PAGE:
The state NAACP had its convention in Washington, Pa., Friday with headline speaker Benjamin Todd Jealous (above), the group's national president. Activists were of course happy over Barack Obama's reelection but sounded warning bells over the future, writes Janice Crompton:
Mr. Jealous, who was the keynote speaker at the 78th annual NAACP Pennsylvania State Convention Freedom Fund banquet, held Friday evening at the DoubleTree by Hilton Hotel in North Strabane, said the black vote will "be in play in 2016."
"According to our polls, as soon as Obama is off the ticket, enthusiasm drops 20 percent. Voter engagement, therefore, and voter turnout drop 20 percent," Mr. Jealous said. "Why? Because our people know the Democratic Party has taken them for granted for too long, and the Democratic Party can't afford to get cocky right now."
And on voter ID:
"It was very important because we always felt the law was passed to disenfranchise the largest voter groups from 2008, which include women, seniors and students," said [director of civic engagement John W. Jordan], who traveled to the conference from his home in Corydon, near Philadelphia. "To have everyone vote freely and without restriction was huge."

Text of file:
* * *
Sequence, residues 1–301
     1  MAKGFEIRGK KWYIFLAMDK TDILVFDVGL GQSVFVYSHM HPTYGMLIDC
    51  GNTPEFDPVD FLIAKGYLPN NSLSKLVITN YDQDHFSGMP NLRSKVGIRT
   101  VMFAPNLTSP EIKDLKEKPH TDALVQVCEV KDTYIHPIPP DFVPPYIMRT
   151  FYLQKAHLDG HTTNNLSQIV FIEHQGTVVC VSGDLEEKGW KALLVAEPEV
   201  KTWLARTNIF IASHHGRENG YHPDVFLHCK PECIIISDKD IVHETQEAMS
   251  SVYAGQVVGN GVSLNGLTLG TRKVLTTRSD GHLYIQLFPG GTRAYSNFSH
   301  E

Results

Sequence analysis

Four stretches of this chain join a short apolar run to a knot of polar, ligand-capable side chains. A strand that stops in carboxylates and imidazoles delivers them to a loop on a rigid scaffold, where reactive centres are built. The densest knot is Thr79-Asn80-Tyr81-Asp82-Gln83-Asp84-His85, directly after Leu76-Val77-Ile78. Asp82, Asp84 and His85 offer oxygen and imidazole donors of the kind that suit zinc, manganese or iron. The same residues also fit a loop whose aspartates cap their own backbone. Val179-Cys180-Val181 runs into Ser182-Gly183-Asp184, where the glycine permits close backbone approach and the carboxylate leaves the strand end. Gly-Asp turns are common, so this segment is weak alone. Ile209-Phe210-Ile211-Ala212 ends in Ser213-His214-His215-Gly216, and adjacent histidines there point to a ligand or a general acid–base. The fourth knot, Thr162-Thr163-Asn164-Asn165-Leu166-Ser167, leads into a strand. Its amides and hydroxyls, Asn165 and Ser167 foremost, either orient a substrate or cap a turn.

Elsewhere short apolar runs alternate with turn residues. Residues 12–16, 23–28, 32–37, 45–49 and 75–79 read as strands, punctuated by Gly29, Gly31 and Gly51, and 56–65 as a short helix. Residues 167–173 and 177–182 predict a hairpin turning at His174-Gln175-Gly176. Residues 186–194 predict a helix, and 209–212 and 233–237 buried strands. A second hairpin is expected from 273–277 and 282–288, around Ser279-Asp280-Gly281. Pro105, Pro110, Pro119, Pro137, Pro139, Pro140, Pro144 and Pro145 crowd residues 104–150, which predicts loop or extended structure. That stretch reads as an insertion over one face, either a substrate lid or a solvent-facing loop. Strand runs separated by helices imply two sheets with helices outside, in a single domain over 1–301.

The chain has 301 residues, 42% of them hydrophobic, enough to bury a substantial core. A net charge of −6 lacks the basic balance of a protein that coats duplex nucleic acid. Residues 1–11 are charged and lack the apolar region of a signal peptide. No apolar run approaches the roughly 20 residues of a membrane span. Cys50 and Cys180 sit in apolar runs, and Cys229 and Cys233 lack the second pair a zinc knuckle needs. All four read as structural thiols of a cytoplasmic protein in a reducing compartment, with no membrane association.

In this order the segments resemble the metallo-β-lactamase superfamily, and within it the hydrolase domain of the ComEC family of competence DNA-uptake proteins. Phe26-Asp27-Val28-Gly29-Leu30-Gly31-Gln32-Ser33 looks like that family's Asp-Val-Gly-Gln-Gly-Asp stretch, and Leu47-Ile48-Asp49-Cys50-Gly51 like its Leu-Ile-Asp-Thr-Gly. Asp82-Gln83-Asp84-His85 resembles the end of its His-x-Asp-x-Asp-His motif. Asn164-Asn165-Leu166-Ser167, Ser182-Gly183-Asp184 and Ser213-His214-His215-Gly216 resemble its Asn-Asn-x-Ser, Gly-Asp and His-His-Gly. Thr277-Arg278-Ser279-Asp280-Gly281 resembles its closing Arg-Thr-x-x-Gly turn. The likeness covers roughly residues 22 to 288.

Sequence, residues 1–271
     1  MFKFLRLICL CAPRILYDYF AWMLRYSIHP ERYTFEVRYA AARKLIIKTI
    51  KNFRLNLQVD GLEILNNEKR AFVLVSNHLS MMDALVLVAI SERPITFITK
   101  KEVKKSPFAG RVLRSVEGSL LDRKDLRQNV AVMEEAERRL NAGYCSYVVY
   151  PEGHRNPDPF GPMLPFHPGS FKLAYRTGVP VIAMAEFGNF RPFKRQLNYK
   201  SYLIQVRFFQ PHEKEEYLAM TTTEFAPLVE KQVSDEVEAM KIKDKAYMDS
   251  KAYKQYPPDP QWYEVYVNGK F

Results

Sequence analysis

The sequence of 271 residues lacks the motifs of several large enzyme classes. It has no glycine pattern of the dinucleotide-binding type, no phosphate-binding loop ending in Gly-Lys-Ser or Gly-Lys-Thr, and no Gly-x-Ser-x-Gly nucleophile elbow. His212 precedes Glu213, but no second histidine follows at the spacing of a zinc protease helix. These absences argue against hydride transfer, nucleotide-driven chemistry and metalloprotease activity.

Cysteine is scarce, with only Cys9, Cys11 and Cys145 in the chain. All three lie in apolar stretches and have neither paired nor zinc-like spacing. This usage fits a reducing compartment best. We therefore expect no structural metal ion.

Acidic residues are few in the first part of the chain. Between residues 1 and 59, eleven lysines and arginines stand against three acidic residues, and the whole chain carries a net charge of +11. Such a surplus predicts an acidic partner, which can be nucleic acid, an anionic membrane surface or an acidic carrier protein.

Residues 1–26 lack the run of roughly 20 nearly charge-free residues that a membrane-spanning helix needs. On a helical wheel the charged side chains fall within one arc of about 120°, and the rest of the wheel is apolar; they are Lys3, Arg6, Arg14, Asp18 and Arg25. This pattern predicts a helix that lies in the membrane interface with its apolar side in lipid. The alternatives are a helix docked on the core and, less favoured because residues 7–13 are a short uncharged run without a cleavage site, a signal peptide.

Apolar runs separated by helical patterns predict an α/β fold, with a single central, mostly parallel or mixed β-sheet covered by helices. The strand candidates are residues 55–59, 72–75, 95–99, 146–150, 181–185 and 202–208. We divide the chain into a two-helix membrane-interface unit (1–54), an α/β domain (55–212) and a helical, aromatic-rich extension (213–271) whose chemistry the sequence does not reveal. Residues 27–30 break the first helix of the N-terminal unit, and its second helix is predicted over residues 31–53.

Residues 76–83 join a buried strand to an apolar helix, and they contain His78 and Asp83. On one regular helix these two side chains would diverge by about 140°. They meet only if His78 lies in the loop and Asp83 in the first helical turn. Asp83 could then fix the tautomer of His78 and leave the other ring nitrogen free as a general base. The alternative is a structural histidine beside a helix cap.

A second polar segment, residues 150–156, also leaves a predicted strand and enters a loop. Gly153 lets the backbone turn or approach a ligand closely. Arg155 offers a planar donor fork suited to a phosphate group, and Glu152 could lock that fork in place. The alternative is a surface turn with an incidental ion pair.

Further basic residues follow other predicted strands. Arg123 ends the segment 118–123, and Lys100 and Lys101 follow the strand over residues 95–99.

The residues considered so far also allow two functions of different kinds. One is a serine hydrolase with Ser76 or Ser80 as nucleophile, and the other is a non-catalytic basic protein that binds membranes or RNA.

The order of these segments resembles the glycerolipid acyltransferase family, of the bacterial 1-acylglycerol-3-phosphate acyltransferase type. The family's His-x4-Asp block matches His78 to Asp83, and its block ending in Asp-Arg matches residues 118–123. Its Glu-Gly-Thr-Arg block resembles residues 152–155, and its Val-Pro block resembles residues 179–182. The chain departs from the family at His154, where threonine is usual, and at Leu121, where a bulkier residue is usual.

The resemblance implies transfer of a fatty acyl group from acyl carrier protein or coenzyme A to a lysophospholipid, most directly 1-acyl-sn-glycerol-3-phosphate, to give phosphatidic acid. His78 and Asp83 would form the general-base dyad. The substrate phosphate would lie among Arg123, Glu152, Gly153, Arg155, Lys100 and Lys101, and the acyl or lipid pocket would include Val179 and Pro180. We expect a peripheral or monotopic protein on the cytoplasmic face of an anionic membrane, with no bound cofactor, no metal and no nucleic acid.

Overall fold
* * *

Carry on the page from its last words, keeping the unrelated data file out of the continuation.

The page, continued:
Now, the push is on from the NAACP, the American Civil Liberties Union and other civic groups to permanently defeat the new law -- which would require voters to show photo ID at the polls beginning next year.
"We view it as a poll tax," said Jerome Mondesire, the president of the state NAACP conference, who said the organization is gearing up to reverse the law. If the group loses, it will appeal as far as it can -- perhaps even to the U.S. Supreme Court, he said.
"We're not going to go to sleep on the voter ID issue," said Mr. Mondesire, a newspaper publisher from Philadelphia. "It's too critical."